That’s one! Also known has hellebore.
Yes! Hellebore. Lenten rose is so much more memorable.
In France, they are called rose de Nöel - Christmas rose.
I’ve a few here, they are smallish. I tried some from seeds, need to wait 3 or 4 years for them to bloom. Such a delight to see them in winter.
Do you garden alone, or you have some help? Your garden seems immense.
“In France, they are called rose de Nöel - Christmas rose.”
I believe there are a few Hellebores, named for when they bloom.
Ha ha! Sometimes it feels immense, and it’s a big area by Bay Area standards, but hardly immense. I am careful about my pictures to make it appear better than it is!
I do have a “mower-blower” guy, who keeps the front yard “lollipopped” and tidy like husband likes it.
Last week he pulled up some California poppy seedlings , and left the weeds.
Last summer I added a “permaculture” lady who is on a closer page, and she had done a lot of mulching, and some summer pruning.
It’s all still a bit overwhelming, and I do more planning than doing.
All my plants are in pots, some need repotting, and I keep delaying a year after another. Then I’m late with the seeds for vegetables. I do more fantasying than doing. LOL
I don’t think I can handle a garden your size or that of @ccj. (Even full time)
I have been looking at some pictures of the garden since we’ve been here (25 years) and it started out much smaller than I realized. We are on a hillside, and the majority is on moderate slope, which I gave up trying to control years ago. This is a picture of the hillside we are cut into, taken over the soundwall behind our yard.
I uses a LOT of self-watering planters for anything that can’t survive on weekly or bi-weekly watering in the summer.
What CAN survive with weekly watering is on automatic drip, which are run by two controllers with about 10 stations each.
Mrs. P bought a beautiful fiesta hibiscus tree today at Fairfield Farms in Clifton, NJ. She originally bought a puny little one at Stonehouse in Wyckoff, but then. saw these beautiful ones at Fairfield Farms. Luckily Stonehouse will allow her to return it.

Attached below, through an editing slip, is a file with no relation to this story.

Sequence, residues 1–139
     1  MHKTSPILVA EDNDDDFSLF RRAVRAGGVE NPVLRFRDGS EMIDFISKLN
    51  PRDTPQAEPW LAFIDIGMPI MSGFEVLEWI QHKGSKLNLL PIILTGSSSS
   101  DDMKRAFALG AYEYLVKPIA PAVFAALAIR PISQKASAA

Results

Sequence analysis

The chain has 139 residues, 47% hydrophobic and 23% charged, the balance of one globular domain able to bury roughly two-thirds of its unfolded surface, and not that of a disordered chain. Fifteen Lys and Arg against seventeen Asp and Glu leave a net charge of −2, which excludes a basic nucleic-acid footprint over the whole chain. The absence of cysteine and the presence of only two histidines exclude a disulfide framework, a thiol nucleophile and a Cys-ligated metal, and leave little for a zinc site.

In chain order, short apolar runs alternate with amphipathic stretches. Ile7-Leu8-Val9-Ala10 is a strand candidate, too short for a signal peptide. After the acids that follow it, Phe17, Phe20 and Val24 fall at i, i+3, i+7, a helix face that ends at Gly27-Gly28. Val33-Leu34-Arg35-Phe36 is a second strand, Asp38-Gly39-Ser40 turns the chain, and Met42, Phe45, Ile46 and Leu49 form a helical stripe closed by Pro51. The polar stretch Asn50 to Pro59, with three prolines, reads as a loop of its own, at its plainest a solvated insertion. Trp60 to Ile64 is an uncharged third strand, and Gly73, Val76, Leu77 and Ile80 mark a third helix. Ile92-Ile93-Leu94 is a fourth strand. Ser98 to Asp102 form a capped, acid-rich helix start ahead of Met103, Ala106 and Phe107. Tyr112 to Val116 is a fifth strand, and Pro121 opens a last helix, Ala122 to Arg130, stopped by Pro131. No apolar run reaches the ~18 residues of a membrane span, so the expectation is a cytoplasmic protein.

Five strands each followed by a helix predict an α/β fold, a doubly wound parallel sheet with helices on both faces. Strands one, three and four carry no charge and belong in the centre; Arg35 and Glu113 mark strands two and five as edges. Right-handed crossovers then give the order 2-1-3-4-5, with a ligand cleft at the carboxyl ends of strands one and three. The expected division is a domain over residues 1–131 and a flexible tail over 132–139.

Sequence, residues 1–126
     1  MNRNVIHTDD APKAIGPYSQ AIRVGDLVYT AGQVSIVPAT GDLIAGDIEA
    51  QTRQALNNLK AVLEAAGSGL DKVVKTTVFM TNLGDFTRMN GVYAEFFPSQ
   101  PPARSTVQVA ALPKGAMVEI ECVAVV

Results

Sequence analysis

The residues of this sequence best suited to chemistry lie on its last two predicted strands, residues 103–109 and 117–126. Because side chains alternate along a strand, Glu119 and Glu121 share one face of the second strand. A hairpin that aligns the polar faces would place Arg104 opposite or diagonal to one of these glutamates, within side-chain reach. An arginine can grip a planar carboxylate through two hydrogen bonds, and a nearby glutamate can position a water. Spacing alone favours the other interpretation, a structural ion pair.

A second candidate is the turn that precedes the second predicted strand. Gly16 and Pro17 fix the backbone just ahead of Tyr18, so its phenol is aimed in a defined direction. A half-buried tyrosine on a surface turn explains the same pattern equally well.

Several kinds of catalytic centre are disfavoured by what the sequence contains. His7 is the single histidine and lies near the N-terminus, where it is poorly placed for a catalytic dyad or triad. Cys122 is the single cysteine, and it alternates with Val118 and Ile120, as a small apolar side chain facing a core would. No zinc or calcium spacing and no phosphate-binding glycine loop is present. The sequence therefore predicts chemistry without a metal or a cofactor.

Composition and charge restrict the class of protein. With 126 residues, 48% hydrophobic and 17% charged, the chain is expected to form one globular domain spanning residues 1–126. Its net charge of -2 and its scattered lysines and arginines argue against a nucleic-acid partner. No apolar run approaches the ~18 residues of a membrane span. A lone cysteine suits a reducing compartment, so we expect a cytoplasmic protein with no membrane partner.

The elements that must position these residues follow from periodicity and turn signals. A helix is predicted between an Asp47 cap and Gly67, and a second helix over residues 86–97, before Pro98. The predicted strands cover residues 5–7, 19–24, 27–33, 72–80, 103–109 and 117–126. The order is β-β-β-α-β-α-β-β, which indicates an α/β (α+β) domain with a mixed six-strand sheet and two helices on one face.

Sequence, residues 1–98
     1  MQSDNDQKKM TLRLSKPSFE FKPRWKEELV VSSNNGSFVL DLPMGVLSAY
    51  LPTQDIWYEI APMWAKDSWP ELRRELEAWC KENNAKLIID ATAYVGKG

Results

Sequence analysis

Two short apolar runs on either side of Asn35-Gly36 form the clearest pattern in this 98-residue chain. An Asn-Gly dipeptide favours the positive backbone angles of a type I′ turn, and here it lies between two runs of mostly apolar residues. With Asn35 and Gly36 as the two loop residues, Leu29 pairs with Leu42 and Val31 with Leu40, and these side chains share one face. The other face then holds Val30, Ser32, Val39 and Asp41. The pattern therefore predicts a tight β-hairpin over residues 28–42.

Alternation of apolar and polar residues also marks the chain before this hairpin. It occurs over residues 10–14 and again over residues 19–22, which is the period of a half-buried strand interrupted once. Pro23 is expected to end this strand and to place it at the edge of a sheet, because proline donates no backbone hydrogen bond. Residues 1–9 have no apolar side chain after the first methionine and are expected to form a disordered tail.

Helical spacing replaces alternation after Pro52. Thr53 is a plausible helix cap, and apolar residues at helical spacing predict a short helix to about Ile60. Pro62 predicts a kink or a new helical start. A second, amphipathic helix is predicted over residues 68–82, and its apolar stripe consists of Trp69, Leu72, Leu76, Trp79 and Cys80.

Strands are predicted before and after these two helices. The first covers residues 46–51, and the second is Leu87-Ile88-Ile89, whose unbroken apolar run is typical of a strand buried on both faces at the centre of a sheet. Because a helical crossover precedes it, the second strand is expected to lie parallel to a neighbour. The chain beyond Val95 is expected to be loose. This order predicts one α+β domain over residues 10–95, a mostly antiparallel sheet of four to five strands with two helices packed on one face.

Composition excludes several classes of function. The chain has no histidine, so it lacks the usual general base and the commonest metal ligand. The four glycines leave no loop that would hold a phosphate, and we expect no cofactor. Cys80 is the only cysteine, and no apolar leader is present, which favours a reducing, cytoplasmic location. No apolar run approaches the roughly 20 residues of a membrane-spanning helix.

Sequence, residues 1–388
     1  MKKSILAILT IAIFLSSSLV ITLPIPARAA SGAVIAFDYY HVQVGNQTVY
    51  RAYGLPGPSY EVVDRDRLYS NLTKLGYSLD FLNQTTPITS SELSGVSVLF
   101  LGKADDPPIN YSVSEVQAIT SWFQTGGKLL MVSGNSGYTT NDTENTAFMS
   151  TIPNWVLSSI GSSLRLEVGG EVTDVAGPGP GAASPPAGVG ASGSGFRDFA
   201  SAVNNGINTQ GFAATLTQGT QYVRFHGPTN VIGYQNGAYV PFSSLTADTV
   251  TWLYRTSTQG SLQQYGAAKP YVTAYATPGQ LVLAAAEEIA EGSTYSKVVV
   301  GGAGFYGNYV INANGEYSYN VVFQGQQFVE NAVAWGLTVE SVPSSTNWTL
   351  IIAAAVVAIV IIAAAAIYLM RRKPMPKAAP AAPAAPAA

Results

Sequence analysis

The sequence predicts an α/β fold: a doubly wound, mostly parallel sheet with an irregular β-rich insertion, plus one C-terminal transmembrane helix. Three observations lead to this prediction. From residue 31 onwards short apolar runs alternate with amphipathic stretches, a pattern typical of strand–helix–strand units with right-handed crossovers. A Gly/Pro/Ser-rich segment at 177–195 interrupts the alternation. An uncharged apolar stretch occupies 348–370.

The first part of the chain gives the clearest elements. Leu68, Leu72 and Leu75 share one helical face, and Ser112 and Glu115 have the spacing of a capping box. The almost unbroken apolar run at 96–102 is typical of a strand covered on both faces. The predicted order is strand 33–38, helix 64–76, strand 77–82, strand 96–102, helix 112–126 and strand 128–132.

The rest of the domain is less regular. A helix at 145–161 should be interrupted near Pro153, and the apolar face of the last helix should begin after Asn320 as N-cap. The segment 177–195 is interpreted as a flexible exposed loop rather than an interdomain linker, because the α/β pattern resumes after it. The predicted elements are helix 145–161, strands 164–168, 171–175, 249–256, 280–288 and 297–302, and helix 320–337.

Mrs. P spent her Mother’s Day digging up this beautiful Japanese Maple leaf tree (during a torrential downpour) from someone’s garden who had this for sale on FB Marketplace for a bargain price of $50! This would normally go for at least $250 retail. She came home covered in mud from head to toe with a big smile on her face from the bargain she just got She just has to shape it a little.
Fantastic!! Great looking tree, and a bargain to boot.
I LOVE Japanese Maples!
All the more rewarding since the Mr.s “earned” it by getting down and dirty.
Thanks @Google_Gourmet! Yes, Mrs. P is not afraid to get her hands dirty, unlike me
My husband would love (for me to do ) that! He loves Japanese maples too, and we’ve lost three that were here when we moved in.
We have a beautiful one, free! As our neighbour moved, they left it behind. Not as big as yours, but in pot, it’s in great shape now.
We have the same one, or very similar, also in the front garden. I bought it from the garden centre years back as a tiny, spindly thing but it’s now about 3 metres high and, in truth, overly dominates the space. I really should prune it back but it’s so lovely - even when there’s not a leaf on it, the branches are still attractive.
By the by, we moved here in 1982 and I’m forever changing the garden as my fads change. There are only two plants left now that were there when we moved in - a buddleia and a laburnum which may well have been planted when the house was built in the late 1930s. It’s in full flower and looks fantastic.
Well, I guess so. Finally my Maxillaria tenuifolia or the coconut orchid rewarded me with ONE flower!! The last time it bloomed was in 2012…with 10+ flowers. Today the flower is one month old! Still with the lovely coconut scent!
A month is a long time for one of those flowers to last!
To get more flowers, try a bit more light, keep the cooler/drier winter. I also use a seaweed mix fertilizer “Maxsea”, spraying the foliage and base about once every two-three weeks, during the growing season. They just started blooming here.